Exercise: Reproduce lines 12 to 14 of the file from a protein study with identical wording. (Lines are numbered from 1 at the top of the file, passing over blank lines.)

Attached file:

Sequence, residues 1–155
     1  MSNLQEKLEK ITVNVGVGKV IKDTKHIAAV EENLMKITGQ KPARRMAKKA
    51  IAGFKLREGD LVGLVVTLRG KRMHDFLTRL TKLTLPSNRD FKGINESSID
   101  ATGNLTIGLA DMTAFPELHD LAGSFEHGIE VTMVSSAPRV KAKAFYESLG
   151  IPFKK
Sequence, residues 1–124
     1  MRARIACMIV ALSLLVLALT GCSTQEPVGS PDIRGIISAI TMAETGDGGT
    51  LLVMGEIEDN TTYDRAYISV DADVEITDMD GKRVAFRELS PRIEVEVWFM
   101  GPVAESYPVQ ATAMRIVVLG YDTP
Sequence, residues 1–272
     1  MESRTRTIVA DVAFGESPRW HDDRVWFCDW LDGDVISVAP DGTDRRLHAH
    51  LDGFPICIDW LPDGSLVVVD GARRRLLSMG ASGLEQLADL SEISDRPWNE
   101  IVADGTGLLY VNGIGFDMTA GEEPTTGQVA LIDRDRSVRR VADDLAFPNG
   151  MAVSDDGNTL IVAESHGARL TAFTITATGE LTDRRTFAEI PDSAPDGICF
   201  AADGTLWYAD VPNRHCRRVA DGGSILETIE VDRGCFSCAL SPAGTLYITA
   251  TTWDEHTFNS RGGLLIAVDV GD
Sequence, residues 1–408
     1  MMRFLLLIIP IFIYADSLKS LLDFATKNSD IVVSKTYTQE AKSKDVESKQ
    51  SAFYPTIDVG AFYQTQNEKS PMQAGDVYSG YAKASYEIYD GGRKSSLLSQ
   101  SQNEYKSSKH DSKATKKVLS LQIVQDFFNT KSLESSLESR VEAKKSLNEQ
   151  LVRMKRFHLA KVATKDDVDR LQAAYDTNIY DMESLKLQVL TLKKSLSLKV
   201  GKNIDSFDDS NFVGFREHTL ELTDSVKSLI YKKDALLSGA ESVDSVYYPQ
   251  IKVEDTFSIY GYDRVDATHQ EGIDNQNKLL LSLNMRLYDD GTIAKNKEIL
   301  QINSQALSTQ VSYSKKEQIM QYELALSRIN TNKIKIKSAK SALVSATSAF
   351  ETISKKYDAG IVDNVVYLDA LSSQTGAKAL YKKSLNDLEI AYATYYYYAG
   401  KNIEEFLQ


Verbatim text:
    51  LDGFPICIDW LPDGSLVVVD GARRRLLSMG ASGLEQLADL SEISDRPWNE
   101  IVADGTGLLY VNGIGFDMTA GEEPTTGQVA LIDRDRSVRR VADDLAFPNG
   151  MAVSDDGNTL IVAESHGARL TAFTITATGE LTDRRTFAEI PDSAPDGICF